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Order from Chaos: 601st AOC supports Haiti relief

February 22, 2010 -- On Jan. 12 at 4:53 p.m., the most destructive earthquake ever recorded on the small island nation of Haiti occurred and brought widespread devastation to more than three quarters of a million people.
Port-au-Prince's main seaport was destroyed and most roads were impassible, leaving airlift into Toussaint Louverture International Airport as the only lifeline for relief to the Haitian people.
With the control tower destroyed and airlift arriving from every corner of the world, the volume of air traffic arriving into the airport instantly exceeded its normal average of 25 flights per day, and became unmanageable. The lack of organization resulted in desperately needed medical supplies, water, and food being diverted because of congestion at the airport.
At the request of the Government of Haiti, the 23rd Special Tactics Squadron from Hurlburt Field, Fla., arrived within 24 hours of the quake, bringing some order to airfield arrivals. An average of 50 aircraft per day was being accommodated, but excessive holding times, frequent diverts and poor airflow management still caused significant delays for relief to reach the Haitian people.
Enter the 601st Air and Space Operations Center's Regional Air Movement Control Center, manned by the 101st Air Operations Group of the Florida Air National Guard, which became ground zero for the management of airflow into Haiti for relief operations. This small team established a provisional coalition organization re-designated as the Haiti Flight Operations Coordination Center (HFOCC) and was credited with streamlining a worldwide multi-national airlift operation that rivaled the Berlin Airlift.
Recognizing an airflow management system vacuum and because operations were on a global scale, the organization evolved into a provisional multi-national organization. Within three days of the disaster, the Haitian Government signed an agreement with the U.S., allowing the HFOCC to control airflow into Port-au-Prince through a slot coordination program.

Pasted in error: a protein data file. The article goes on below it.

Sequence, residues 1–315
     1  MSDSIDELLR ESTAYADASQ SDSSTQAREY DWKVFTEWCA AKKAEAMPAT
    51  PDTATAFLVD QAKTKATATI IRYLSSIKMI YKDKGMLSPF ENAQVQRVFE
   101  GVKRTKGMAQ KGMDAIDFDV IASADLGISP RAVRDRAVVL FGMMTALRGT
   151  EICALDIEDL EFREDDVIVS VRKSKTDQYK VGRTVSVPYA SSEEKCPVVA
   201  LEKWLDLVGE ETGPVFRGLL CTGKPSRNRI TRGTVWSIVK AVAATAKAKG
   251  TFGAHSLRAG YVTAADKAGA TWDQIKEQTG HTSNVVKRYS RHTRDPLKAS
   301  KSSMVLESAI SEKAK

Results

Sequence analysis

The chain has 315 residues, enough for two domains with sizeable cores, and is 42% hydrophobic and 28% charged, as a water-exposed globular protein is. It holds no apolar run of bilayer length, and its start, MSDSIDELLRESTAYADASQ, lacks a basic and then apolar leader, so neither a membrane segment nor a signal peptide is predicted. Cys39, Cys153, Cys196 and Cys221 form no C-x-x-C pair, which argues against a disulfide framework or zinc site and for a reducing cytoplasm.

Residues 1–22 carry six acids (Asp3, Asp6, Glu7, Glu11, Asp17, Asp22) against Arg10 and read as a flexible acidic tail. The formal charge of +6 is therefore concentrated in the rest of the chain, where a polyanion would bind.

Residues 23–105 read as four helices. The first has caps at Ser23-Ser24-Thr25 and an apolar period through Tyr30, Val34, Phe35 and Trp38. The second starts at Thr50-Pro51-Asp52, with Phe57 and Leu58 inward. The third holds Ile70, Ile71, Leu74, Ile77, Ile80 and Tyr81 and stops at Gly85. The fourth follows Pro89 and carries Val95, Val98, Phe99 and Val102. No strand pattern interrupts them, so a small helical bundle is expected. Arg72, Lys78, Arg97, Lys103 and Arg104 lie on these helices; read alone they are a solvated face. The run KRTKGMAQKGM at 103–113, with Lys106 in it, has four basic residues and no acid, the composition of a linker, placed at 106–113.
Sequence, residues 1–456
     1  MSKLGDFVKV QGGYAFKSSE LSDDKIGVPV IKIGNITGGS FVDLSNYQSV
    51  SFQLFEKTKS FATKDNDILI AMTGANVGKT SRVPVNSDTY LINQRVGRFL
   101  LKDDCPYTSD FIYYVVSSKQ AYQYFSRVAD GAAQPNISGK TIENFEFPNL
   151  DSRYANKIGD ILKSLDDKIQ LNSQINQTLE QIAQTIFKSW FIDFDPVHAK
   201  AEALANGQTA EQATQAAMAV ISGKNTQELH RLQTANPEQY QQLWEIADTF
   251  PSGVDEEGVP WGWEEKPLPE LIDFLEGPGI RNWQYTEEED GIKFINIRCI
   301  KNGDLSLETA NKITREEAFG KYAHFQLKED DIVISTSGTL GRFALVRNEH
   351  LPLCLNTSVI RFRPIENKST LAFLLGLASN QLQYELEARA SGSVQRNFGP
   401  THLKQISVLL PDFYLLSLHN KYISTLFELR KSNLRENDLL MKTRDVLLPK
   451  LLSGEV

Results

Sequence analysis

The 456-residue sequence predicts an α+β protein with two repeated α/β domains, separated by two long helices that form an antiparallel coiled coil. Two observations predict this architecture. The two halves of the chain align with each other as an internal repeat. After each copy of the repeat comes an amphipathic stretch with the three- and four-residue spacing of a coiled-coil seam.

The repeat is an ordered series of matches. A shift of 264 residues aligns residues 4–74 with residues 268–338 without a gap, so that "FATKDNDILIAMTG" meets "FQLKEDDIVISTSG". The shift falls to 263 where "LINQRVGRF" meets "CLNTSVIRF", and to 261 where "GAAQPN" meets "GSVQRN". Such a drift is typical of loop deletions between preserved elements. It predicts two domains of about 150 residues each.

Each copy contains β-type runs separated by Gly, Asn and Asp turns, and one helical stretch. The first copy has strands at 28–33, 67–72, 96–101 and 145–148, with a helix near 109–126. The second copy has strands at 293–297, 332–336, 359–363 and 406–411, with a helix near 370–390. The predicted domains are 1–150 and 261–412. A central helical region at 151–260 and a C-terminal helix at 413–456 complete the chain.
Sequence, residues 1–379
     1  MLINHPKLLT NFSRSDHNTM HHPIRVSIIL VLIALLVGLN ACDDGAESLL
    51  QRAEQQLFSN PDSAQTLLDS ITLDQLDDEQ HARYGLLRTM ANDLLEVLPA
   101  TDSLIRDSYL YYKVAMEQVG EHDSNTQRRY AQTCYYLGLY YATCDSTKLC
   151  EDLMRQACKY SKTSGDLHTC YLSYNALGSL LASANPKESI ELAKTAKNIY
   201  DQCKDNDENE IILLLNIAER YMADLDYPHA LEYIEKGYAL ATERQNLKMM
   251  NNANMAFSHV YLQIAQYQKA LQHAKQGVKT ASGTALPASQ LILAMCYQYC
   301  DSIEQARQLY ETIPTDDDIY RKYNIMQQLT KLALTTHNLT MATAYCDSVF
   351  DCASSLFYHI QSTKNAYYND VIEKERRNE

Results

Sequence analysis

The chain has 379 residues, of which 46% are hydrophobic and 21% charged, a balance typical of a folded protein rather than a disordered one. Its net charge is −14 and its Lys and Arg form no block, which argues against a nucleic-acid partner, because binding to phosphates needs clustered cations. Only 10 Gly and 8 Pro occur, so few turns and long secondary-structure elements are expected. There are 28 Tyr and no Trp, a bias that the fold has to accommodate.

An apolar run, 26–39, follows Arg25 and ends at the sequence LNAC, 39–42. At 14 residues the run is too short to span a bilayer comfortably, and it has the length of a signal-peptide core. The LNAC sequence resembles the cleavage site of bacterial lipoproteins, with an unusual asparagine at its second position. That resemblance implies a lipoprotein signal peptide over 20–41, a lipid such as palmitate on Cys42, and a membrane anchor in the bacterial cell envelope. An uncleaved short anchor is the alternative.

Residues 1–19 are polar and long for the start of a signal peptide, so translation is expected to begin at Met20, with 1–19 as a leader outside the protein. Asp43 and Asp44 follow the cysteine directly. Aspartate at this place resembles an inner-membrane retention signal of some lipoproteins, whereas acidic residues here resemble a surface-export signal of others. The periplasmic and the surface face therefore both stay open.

Despite the expertise being poured into the mix, the challenges were many. United States Northern Command's Regional Air Movement Control Center concept was designed for a domestic contingency, not one to be employed at a sovereign nation's busiest airfield.
Coordination went beyond the normal Federal Aviation Administration and Department of Homeland Defense agencies to include the United Nations World Food Programme, U.S. Agency for International Development, the U.S. Department of State, the Haitian Government and countless other nations, just to name a few.
During the first three days, slot requests exceeded 1,000 and aircraft arrival rates jumped to 130-175 per day. Nearly 3,400 people were evacuated including 2,997 American citizens, and 2,452 short tons of cargo along with medical personnel, supplies, food, water, and other essential items were delivered.
Unexpected challenges constantly threatened to derail this well-oiled machine. Aircraft were continuously arriving unannounced without slots. Others would spend longer than allocated time on the ramp, impacting inbound aircraft. Some aircraft broke for extended periods of time, occupying valuable ramp space already designated for scheduled arrivals.
Priority deployments had to be accommodated. To stabilize growing unrest and to protect aid workers in the first 72 hours of the operation, the 82nd Airborne Division required a massive rapid deployment into Haiti. Numerous flights required insertion into an already jammed schedule while minimizing impact on international and civilian missions.
Despite these obstacles, the HFOCC's critical ramp coordination with JTF-Port Opening resulted in only two aircraft with slots diverting in the first 72 hours. Given that aircraft were arriving in a conveyor belt like-fashion every five minutes, it was an incredible feat by any standard.
The HFOCCs ability to smoothly coordinate slot times and airlift would not have been possible were it not for the herculean efforts of the 23rd Special Tactics Squadron and the JTF-PO. These professionals turned airplanes with unbelievable speed while operating on 18-hour shifts and interrupted sleep in extremely austere conditions.
On Feb. 22, the 601RAMCC and the 101AOG turned over the HFOCC operation to the 612AOC at AFSOUTH. From Jan. 13 - Feb. 22, more than 4,500 slot requests were processed with thousands of missions flown, delivering 15,392 short tons of cargo, relocating 27,131 passengers, and evacuating more than 20,000 American citizens.
It was an incredible opportunity for Florida Guardsmen to take the experiences learned from hurricane responses and use the same processes to support another command on the international stage.